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New York Condos HALF OFF
« on: February 26, 2009, 10:07:43 AM »
And Do I Hear $2 Million? No? $1 Million? Sold!


Published: February 25, 2009

As housing prices around the country began to tumble about three years ago, the New York market kept rising, and only in the last year did it begin to show some weakness.

But now sales in the city have slowed so significantly that worried developers are planning to auction off some luxury condos in the spring for around half of what they were asking just a year ago.

Developers who are awash in unsold inventory see auctions as a tactic to jolt a paralyzed public to life.

A two-bedroom on the Upper East Side, for example, could be marked down to $1.1 million from $2.2 million.

Real estate professionals say Wall Street’s continued prosperity through much of 2008 shielded New York from the forces that were pushing the rest of the nation’s housing market down.

But today, with the credit crisis and the Wall Street meltdown, fewer people are able to buy homes. With the economic crisis spreading worldwide, there also seem to be fewer wealthy foreigners buying Manhattan condos.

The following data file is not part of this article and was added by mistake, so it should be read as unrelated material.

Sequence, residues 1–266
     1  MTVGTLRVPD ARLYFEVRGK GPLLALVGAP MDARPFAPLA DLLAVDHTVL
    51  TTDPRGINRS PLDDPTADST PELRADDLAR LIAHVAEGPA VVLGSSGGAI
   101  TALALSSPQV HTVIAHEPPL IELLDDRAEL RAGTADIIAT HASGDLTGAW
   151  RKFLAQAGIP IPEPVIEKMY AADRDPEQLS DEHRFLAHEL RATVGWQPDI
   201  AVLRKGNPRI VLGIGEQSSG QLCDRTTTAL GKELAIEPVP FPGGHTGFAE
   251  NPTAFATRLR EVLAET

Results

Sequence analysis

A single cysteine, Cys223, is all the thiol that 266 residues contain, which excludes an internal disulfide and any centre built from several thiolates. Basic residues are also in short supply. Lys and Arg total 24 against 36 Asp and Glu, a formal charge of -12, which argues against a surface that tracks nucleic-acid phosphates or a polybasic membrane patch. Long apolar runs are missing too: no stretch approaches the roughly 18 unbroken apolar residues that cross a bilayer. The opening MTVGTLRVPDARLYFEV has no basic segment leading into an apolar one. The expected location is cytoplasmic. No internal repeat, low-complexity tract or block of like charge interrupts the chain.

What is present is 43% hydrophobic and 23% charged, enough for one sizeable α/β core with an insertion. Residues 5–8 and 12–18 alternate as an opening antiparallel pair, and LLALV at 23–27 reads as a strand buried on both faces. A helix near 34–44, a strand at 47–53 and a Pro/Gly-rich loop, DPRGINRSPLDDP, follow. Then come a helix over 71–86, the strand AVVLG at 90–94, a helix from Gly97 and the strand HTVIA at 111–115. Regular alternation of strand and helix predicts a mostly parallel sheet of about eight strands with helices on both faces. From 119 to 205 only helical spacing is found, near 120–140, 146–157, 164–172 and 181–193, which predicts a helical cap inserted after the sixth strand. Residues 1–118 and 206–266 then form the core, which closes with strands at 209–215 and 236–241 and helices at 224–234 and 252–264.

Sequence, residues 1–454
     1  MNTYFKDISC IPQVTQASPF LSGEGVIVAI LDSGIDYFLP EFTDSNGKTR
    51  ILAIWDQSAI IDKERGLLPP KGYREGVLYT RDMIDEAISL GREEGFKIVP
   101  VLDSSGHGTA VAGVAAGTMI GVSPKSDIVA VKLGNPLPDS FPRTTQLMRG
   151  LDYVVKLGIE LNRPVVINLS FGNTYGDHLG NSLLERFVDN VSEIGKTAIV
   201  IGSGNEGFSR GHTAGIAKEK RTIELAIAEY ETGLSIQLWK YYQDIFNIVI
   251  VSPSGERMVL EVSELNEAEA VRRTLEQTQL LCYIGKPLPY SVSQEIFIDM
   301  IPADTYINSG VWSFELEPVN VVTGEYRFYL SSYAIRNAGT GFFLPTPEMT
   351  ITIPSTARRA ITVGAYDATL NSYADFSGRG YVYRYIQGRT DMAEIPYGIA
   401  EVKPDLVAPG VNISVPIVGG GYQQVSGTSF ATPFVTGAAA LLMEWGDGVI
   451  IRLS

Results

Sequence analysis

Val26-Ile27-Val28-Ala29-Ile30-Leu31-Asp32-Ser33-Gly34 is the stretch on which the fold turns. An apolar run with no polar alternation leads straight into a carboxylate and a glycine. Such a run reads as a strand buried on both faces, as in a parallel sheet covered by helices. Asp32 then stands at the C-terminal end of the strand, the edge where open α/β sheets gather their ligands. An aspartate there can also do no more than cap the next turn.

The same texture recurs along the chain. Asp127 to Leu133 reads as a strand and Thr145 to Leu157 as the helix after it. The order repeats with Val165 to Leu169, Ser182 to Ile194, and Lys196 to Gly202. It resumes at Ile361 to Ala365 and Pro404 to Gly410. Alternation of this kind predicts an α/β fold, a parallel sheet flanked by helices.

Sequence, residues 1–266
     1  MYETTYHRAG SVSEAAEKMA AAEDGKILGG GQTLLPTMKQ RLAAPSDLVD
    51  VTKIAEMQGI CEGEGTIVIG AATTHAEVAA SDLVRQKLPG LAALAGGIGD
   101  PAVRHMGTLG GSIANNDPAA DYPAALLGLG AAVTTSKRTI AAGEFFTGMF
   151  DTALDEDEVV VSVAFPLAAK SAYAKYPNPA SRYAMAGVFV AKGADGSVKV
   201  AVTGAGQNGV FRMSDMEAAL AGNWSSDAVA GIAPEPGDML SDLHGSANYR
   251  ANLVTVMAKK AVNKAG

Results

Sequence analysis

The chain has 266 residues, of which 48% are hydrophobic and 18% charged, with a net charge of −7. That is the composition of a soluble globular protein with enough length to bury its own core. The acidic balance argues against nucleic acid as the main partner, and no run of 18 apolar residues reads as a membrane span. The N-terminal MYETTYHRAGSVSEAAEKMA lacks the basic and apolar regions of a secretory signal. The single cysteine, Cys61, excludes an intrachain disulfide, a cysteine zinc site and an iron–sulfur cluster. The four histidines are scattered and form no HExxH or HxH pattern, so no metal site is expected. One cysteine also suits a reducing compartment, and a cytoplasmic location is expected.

Real estate auctions, rarely used in New York, have the potential to both move property and indicate to reluctant buyers what the true market prices are. Given the current sales drought, even a handful of auctions could reset prices for new condominiums citywide, said Jonathan J. Miller, the president of Miller Samuel, a Manhattan research and appraisal company. He said he expects the auctioned properties to sell for 40 to 45 percent below the asking prices of the first quarter of 2008, when the market peaked.

Today, almost every signpost is bleak for new developments. Buyers who signed contracts long before condo projects were completed are expected to walk away in droves this coming quarter. In many cases, these buyers will be abandoning deposits of $100,000 or more that pale in comparison to the slide in market values. Many buyers may have lost jobs, or may be worried about their jobs, while others will be unable to get financing.